Okay, last Star Wars post for a bit – I promise. In part because the series finale of The Good Place just aired and man, I can’t wait to talk about that more! So, with all the discussion on The Rise of Skywalker going around – it’s only natural that part of the dialogue included speculation, speculation on what could have been.
For those who do not know, J.J. Abrams was not originally supposed to direct the ninth and final Star Wars film. Colin Trevorrow was initially hired to helm the film, but fired due to creative differences combined with the miserable performance of his film Book of Henry, which was released back in 2017. Trevorrow is still most famous for the new Jurassic World series. He directed the first installment and wrote the script for the second. A script, which – and I want to say this politely – contained possibly the dumbest opening I’ve ever seen in a Hollywood blockbuster. Not to mention the fact that he helped write the first Jurassic World, a film that had problems with its characterization – to put it mildly:
Anyway, the reason I’m giving this backstory is I want to put the following in context: I was relieved when Colin Trevorrow was fired from Episode IX. I was really skeptical of his ability to craft a satisfying conclusion to the sequel trilogy – this was of course before the exceptional Last Jedi came out and raised my expectations.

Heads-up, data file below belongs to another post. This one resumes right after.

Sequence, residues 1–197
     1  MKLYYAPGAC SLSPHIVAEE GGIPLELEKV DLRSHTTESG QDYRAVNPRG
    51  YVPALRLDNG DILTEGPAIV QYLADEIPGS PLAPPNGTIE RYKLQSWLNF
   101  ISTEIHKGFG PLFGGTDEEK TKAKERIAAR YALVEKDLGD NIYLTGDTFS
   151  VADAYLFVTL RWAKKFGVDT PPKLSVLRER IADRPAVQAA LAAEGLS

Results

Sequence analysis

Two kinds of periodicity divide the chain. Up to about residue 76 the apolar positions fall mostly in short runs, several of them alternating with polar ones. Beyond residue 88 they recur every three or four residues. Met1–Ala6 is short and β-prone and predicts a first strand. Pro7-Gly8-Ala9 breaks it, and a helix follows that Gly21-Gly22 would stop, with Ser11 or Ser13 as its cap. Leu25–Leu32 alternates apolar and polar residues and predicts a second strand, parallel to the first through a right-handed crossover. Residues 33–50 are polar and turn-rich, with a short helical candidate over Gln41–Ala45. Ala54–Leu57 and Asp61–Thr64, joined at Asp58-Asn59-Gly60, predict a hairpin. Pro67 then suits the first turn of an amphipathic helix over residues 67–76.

So yeah – I was initially happy about it. Still wasn’t thrilled with the decision to bring Abrams back, mostly because I wanted each film to have its own director and feel (not to mention Abrams’ at the time perceived weakness when it came to endings).
When I finally saw Rise of Skywalker, I was disappointed, but I said to myself: “At least it was probably better than it would have been if Trevorrow had directed.” I actually blamed most of my problems with Rise of Skywalker on what I perceived as leftovers from Trevorrow’s script.
I was wrong.
And we know this – definitely. How? Welp…someone at Disney likes to leak things apparently. In the short time since its release, Rise of Skywalker has already been undermined by the release of the original (early) script as well as concept art from the Trevorrow version. To spare you a lentghy written rundown of what happened, let me instead simply introduce you to Star Wars: Dual of the Fates:
Okay so…wow. Not what I was expecting. When I heard the recap of the script and saw the concept art, I naturally wondered: How the hell did this not get made? What were the creative differences that drove Trevorrow off the project? While I can only speculate, there do appear to be two possible explanations as to why Dual of the Fates was scrapped (warning – spoilers from Rise of Skywalker to follow).
The Death of Kylo Ren
Okay, for the record – I’m not sure about this. All we know is that, in the second half of Rise of Skywalker Ben Solo was very very very very very very very suddenly redeemed and returned to the side of the light. In Dual of the Fates this does not happen. Kylo Ren is destroyed despite Rey, Luke, and others trying until the end to convince him to change. Ren rejects redemption, embraces the dark, and is destroyed by his arrogance and determination to pursue the dark side.